Volume 93, Issue 87

Wednesday, March 15, 2000


Ninth Gate leads to intrigue, mystery

ArtLab exhibit pauses to ponder technology

Festival showcases film talent

N'Dour comes through with sublime new effort

Stunning effects make Mission

Festival showcases film talent

By Luke Rundle
Gazette Staff

Budding filmmakers from all over the Western spectrum will be showcasing their celluloid-based talents tonight during the Western Film Festival 2000 in the University Community Centre's McKellar Room.

A traditional staple for well over a decade, this year the festival changed for the better in comparison to past incarnations. For the first time in its history, the exhibition has been initiated, organized and judged solely by students in the film program.

Lynnette Gryseels, a fourth-year Media, Information and Technoculture and film student who is a representative from the Western Film organizing committee, emphasizes the festival's open-door policy towards those wanting to contribute. "The festival is a chance to showcase the talents of Western's budding filmmakers. You can be in any program and we'll accept your submission," she states. "This is the first time since the organization of the festival that things are fully in the students' hands – we have more control over what's happening."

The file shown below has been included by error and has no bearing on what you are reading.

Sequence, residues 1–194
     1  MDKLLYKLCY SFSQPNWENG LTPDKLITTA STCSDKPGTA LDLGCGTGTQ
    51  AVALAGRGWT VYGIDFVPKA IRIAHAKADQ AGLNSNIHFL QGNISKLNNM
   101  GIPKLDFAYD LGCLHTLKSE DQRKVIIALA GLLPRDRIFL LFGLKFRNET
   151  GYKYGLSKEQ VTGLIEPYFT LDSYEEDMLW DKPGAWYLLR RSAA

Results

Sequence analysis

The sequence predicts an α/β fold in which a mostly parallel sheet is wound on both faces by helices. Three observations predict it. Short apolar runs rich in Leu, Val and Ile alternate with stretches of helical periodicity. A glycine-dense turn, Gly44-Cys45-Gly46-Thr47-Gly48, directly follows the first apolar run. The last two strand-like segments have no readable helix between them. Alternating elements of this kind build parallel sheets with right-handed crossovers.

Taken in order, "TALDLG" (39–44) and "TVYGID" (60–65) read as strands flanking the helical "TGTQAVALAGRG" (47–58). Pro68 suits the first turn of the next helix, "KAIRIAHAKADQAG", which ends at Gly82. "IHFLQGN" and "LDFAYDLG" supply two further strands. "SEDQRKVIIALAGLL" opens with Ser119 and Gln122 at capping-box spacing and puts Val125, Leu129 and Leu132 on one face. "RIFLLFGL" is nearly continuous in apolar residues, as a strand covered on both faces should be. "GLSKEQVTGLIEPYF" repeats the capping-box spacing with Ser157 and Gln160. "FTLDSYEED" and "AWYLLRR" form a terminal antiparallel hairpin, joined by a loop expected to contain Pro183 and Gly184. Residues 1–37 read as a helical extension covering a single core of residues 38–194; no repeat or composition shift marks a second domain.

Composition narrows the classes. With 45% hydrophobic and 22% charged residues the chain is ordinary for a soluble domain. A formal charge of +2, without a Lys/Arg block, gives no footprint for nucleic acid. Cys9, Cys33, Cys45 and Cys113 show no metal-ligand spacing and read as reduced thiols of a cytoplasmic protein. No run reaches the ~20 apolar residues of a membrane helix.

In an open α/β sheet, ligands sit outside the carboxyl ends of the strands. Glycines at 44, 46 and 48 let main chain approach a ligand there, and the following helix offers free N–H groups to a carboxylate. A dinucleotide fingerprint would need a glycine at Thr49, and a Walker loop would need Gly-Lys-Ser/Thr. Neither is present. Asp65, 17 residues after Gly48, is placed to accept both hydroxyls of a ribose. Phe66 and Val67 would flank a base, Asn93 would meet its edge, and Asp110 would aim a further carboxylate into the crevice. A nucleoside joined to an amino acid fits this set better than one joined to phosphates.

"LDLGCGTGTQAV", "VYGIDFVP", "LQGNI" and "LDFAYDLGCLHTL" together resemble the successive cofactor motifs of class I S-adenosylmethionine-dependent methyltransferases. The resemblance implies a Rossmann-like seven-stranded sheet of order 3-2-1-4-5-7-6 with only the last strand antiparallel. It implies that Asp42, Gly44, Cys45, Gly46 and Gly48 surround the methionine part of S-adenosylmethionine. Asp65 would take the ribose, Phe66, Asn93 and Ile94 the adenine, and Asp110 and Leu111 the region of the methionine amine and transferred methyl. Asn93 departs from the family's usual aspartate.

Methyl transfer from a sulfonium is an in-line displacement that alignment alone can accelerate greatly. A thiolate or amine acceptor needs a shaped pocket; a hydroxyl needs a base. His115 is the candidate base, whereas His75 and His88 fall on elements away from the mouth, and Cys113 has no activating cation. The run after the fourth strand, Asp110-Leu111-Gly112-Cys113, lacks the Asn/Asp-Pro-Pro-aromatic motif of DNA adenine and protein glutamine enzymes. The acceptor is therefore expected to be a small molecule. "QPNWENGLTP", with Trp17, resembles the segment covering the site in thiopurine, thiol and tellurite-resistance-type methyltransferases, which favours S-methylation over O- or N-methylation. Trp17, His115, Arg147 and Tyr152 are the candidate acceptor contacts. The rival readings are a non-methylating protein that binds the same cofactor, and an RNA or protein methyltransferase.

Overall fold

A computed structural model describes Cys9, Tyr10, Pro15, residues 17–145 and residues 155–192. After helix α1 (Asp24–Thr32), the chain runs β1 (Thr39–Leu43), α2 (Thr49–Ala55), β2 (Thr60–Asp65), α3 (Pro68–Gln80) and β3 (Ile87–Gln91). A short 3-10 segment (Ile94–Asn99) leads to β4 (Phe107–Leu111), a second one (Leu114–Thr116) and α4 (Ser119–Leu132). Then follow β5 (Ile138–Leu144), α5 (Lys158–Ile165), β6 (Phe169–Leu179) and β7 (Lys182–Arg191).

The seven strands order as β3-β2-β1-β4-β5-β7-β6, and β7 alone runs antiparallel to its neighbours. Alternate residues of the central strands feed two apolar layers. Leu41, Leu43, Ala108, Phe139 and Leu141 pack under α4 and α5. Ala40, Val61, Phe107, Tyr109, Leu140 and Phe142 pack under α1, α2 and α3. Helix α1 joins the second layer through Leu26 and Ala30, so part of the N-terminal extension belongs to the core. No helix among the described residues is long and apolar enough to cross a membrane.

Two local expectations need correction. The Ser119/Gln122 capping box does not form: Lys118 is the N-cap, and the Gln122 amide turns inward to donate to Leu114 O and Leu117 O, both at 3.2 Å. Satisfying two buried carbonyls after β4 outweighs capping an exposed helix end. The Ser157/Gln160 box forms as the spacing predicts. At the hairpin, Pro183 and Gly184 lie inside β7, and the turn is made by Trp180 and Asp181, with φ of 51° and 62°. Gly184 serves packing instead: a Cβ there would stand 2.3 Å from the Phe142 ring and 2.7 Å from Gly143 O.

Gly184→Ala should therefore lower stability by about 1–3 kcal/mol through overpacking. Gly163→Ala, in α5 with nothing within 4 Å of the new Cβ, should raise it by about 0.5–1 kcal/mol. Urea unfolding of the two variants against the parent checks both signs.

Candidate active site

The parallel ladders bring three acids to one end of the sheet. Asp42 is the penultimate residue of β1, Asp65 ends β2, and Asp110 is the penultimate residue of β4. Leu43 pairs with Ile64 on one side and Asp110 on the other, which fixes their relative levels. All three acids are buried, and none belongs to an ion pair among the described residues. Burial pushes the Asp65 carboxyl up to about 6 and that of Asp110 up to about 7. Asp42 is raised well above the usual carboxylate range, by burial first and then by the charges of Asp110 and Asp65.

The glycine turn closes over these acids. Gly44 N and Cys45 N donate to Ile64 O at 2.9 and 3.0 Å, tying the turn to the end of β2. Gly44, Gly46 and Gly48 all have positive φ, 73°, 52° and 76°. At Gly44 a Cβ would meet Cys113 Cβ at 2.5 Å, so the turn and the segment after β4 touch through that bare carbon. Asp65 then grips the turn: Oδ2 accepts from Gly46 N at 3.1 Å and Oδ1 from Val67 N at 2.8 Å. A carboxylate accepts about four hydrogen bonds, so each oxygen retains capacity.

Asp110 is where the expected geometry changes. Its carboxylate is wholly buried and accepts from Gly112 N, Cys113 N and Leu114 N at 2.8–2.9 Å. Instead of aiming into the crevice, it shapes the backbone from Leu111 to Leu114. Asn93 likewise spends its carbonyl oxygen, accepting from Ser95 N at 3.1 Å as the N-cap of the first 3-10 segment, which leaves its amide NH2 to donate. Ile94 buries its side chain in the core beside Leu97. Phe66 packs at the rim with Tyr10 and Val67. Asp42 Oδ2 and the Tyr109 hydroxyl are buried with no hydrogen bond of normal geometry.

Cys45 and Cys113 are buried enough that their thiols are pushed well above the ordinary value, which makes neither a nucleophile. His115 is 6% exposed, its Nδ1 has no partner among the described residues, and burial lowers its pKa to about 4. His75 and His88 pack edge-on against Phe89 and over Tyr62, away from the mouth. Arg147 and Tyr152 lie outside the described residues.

The festival's 17 films will be judged by five film, visual arts and MIT faculty professors who will keep several criteria in mind. "There will be prizes, not one main prize but several separate prizes, on the basis of technical aspects, originality and artistic value," Gryseels says.

The films chosen for the screening have been selected by students. "The admissions are going to be screened by a bunch of students, some of whom are on the organizing committee, some who have just volunteered for the job," Gryseels offers.

Jason Gray, a third-year English and film student, is one of the festival's contributors. "I've done a film called Alonliness, which is about forced isolation and coming to terms with oneself on an emotional level," he reveals.

Gray recognizes the festival's importance for student filmmakers, albeit on a much more personal level. "It's not about the competition aspect but more about the creative one," he states. "Something like this gets you motivated. It allows filmmakers to showcase their creativity and Western audiences to recognize the art, which isn't a common practice today.

"You get into this period where you just see the same things being done, so it's good for people to see these innovative short films where a lot gets done that's original," he says. "This is a time [where] we're free to experiment because we're not tied down by a big budget, which allows for a lot of creative leeway."

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